By Ray Bennett
LOCARNO, Switzerland – Slow moving and marred by nondescript performances, Chinese filmmaker Pan Jianlin’s “Feast of Villains” describes the terrible state of affairs that afflicts the poor when dealing with faceless institutions.
Obviously heartfelt and deserving attention for its dire topic, the film’s painfully inert structure and absence of energy in most of its players will limit much exposure beyond sympathetic festivals.
The simple story tells of Fu-gui, a young delivery boy (Zhou Cheng) whose father is chronically ill. Lacking the funds for the expensive drugs that would extend his father’s life, the lad takes him home to his squalid digs and tries to raise some cash.
In desperation, he turns to black-market operators who promise to pay big money for a healthy kidney. Maimed in the operation and cheated of his money, Fu-gui returns to find that his father has meanwhile died.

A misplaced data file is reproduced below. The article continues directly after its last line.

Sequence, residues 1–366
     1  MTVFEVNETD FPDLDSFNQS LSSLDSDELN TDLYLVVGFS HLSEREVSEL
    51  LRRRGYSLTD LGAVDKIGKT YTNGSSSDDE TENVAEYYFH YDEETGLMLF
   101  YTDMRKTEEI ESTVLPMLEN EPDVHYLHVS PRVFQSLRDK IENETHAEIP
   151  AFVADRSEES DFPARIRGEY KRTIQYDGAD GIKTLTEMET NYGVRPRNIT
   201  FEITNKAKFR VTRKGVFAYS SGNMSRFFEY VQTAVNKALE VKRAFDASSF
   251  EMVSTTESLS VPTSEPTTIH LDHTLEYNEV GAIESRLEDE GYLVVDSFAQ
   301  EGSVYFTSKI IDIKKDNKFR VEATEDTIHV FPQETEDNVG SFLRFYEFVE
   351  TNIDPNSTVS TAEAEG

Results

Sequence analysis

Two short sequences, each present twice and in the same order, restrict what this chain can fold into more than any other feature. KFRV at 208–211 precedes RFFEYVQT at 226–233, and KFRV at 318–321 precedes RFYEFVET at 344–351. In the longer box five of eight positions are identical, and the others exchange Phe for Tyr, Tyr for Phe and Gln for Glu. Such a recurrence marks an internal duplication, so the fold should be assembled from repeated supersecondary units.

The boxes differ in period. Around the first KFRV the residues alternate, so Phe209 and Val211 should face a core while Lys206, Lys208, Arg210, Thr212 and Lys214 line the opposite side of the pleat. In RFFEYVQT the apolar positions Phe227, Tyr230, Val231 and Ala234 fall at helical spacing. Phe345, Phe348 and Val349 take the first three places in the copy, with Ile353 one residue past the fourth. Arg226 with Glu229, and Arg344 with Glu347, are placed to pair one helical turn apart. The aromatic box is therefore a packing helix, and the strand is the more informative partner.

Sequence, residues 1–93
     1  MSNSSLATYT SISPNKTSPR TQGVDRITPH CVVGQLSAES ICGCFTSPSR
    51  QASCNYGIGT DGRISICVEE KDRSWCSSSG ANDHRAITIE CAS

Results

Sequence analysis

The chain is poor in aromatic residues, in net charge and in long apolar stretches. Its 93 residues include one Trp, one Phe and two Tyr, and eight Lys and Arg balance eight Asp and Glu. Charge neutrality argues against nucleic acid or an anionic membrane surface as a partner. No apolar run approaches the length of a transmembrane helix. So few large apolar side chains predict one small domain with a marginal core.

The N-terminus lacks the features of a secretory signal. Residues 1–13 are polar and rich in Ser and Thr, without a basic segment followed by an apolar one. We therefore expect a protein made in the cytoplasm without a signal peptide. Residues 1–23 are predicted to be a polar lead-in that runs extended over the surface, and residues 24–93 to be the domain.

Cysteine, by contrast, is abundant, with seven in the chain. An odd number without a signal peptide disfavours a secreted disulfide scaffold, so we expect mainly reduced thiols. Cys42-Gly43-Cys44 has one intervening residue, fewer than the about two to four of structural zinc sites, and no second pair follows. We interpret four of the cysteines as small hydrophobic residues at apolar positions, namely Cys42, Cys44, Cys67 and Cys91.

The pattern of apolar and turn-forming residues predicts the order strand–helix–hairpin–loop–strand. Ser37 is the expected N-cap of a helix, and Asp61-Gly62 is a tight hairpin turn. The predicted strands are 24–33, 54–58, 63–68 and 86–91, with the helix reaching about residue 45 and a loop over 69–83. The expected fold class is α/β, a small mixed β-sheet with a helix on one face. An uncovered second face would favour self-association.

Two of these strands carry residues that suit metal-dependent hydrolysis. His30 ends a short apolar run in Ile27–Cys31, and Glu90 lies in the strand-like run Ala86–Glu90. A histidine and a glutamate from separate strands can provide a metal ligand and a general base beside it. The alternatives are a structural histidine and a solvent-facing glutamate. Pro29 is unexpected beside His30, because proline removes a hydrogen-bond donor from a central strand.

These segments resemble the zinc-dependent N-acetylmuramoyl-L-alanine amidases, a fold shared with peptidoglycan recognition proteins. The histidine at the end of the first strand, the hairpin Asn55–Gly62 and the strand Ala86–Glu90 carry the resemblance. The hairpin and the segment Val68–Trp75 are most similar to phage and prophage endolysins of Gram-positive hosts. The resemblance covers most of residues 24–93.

Now the sickly young man must deal with intransigent authorities from the police, the hospital and the local government in order to obtain a death certificate before he can have his father’s body properly cremated and interred.
It’s a sad tale, all right, but not told with any new insights or suggestions as to what can be done about such things.
Venue: Locarno International Film Festival, In Competition; Cast: Zhou Cheng, Li Geng, Zhao Jinge, Zhou Bin, Sun Peng, Han Shiqiang; Director, screenwriter: Pan Jianlin; Screenwriters: Zhao Xu, Zhou Bin, Zhao Jinge, Sun Peng; Directors of photography: Zhang Yongqian, Xie Peng; Production designer: Jin Zaifeng; Editor: Zhang Jifan; Production: Lao Pan Film Studio; Sales: Ray Production (Beijing) Ltd.; Not rated; running time, 85 minutes.
This review appeared in The Hollywood Reporter.